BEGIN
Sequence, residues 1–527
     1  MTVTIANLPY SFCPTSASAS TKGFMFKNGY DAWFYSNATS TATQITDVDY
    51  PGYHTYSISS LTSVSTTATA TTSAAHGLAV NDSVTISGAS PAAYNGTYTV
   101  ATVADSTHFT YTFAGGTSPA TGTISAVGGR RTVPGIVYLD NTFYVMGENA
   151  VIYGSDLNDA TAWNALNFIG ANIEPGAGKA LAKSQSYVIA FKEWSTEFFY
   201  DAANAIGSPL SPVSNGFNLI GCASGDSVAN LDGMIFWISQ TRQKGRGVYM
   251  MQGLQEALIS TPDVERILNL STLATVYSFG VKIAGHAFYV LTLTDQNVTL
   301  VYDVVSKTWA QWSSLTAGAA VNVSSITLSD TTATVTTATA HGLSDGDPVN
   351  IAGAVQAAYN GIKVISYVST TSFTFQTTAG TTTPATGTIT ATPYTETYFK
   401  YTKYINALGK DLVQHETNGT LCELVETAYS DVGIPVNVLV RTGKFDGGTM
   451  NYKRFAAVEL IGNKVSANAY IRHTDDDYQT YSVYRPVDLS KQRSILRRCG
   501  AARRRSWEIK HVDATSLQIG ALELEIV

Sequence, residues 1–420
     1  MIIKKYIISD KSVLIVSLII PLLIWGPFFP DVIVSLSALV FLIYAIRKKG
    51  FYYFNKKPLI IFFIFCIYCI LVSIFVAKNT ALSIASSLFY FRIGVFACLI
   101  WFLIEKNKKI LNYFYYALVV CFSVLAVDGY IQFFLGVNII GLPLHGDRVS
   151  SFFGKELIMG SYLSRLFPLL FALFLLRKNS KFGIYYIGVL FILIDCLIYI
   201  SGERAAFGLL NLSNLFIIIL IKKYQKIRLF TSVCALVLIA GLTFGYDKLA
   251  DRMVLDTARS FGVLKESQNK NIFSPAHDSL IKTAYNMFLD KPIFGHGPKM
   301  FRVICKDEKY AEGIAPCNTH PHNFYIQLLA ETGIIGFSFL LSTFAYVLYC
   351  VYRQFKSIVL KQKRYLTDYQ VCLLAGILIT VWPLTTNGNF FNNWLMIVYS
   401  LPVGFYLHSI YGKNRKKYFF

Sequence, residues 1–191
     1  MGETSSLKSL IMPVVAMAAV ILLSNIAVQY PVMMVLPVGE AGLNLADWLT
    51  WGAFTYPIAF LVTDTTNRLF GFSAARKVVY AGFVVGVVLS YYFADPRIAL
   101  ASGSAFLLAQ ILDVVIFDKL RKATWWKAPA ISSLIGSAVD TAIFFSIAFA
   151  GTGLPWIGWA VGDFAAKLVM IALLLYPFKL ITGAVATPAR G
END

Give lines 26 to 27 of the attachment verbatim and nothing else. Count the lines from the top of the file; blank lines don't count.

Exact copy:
   101  ASGSAFLLAQ ILDVVIFDKL RKATWWKAPA ISSLIGSAVD TAIFFSIAFA
   151  GTGLPWIGWA VGDFAAKLVM IALLLYPFKL ITGAVATPAR G